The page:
Actually that's a common sight at our supermarket around the corner here, because the parking lots there are a bit lopsided and many drivers forget to pull their handbrake and leave the car with the gearbox in neutral.
Something like that happened to me 4 years ago. The driver in front of me in a four-way crossing with lights didn't start moving when the lights turned green and since the road was narrowed by tall cement blocks noone could overtake the first car. Everyone start honking and the car didn't move. Since I was the first car right behind it, I got out and walked to the unmovable car in front of me. The driver was having an heart-attack, that's why he didn't move. I called the emergency and, in the end, the poor guy did make it, fortunately. The guy from the emergency told me if a couple more minutes have passed, the fellow would have died.I have a real nice one for you today. Actually it was an incident worthy of filming and putting on the internet. But sadly I neither had the camera with me, nor did I foresee the development of the situation.
Just outside town we have a four-way crossing with lights, which is heavily frequented, since it's connecting two of the major roads going in and out of town.
So I came to that crossing and wanted to turn left and stopped at the red light. I was the first car and had a perfect view on the opposite side. While I waited, I saw that an elderly driver of an E-Class Mercedes, who stopped at the opposite left turn lane, obviously changed his mind and wanted to go straight ahead instead.
So he inched his way over to the other lane, forcing himself in front of the first car there, which wasn't able to back up. The E-Class therefore stood on two lanes at the same time at a 45 degree angle, waiting for the green light.
While I was still having red, the opposite side got green.
Only the Mercedes didn't move. Obviously he had inched his way so much forward, that he couldn't spot the lights anymore.
Then the honking began.
First the car behind him, then another, and another, and finally a bus that was on 4th position.
The Mercedes did not move.
The honking went louder and more furious and the bus driver was making wild gestures.
The Mercedes did not move.
Now, the phases on that crossing are particularly long -- about 1 minute for each direction. So there was 1 minute of constant honking.
But the Mercedes driver did not move.
Finally the light turned red again for them and I was getting green. I was accelerating carefully, just in case the Mercedes driver decided to step on the accelerator now. But he didn't.
Before I left the crossing behind, I saw a red-faced bus driver jump out of his bus, running to the Mercedes, and starting to yell at the driver.
Unfortunately I missed the ending of this drama but I want to believe they made him move at the next green phase 2 minutes later
I'm sure the guy in the Mercedes didn't have a heart attack, mainly because his wife sat next to him and because he was looking around what all the honking was about.Something like that happened to me 4 years ago. The driver in front of me in a four-way crossing with lights didn't start moving when the lights turned green and since the road was narrowed by tall cement blocks noone could overtake the first car. Everyone start honking and the car didn't move. Since I was the first car right behind it, I got out and walked to the unmovable car in front of me. The driver was having an heart-attack, that's why he didn't move. I called the emergency and, in the end, the poor guy did make it, fortunately. The guy from the emergency told me if a couple more minutes have passed, the fellow would have died.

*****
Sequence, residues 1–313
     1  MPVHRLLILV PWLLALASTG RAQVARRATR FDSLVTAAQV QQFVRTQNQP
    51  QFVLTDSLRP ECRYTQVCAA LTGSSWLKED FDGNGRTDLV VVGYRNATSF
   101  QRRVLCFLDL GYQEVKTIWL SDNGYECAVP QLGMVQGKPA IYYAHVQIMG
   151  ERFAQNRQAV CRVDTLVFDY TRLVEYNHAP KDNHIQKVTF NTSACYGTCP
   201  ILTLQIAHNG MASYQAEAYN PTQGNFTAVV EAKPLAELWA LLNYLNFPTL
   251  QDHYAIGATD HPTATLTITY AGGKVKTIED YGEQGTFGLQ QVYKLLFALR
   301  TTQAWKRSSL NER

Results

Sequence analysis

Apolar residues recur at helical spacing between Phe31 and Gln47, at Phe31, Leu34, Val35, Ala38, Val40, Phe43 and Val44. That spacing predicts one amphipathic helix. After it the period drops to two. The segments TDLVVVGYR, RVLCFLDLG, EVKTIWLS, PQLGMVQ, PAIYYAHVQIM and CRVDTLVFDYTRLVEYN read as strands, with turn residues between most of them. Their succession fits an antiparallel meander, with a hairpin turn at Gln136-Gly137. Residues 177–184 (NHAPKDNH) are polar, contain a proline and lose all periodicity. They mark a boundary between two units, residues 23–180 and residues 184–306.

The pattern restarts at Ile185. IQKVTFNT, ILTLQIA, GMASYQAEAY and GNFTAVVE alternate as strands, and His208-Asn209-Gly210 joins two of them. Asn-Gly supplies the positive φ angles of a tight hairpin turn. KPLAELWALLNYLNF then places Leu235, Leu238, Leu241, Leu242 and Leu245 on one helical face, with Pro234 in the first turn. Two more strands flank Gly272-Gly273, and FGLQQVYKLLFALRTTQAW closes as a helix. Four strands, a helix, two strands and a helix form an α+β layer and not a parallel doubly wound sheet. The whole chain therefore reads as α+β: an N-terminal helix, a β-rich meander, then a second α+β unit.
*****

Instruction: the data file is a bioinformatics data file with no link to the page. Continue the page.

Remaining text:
Actually, not exactly...^aren't that standard roadmanners in Italy though?
I can't count how many times I got yelled at in Milan when I was there. Also everyone on a scooter just expects you to get out of their way, and bang on your window if you don't...
Never been so scared, it was like having a huge near-accident that lasted for hours.
That's more or less my philosophy: I normally only honk just after some real danger. If there's no danger, just let go and find your way through (and use lights to communicate, if you want), if there is danger, just use your hands on the steering wheel first.I use to live in Italy (not far from Sir Edward in Padova). I moved there from here in the US and I actually loved it there. People drive fast and don't put up with people's sh*t. This is me to a "T". To me if you get yelled at you are most likely at fault. Every now and then you will have some dumbasses that have no clue what is going on.
:shock::shock:I do remember riding with my fiance's father for the first time though...he is crazy. I remember we were late for school (I am 27 and late for my class to learn Italian and teach English) and we were at a traffic light with about 10 cars infront of us. Her father decides this is not acceptable and starts swearing and yelling, and decides that he is going to drive into oncoming traffic and run the red light to save time. A few lights up the same thing happens again and he decides to use the sidewalk (where people just moved out of the way and had no reaction).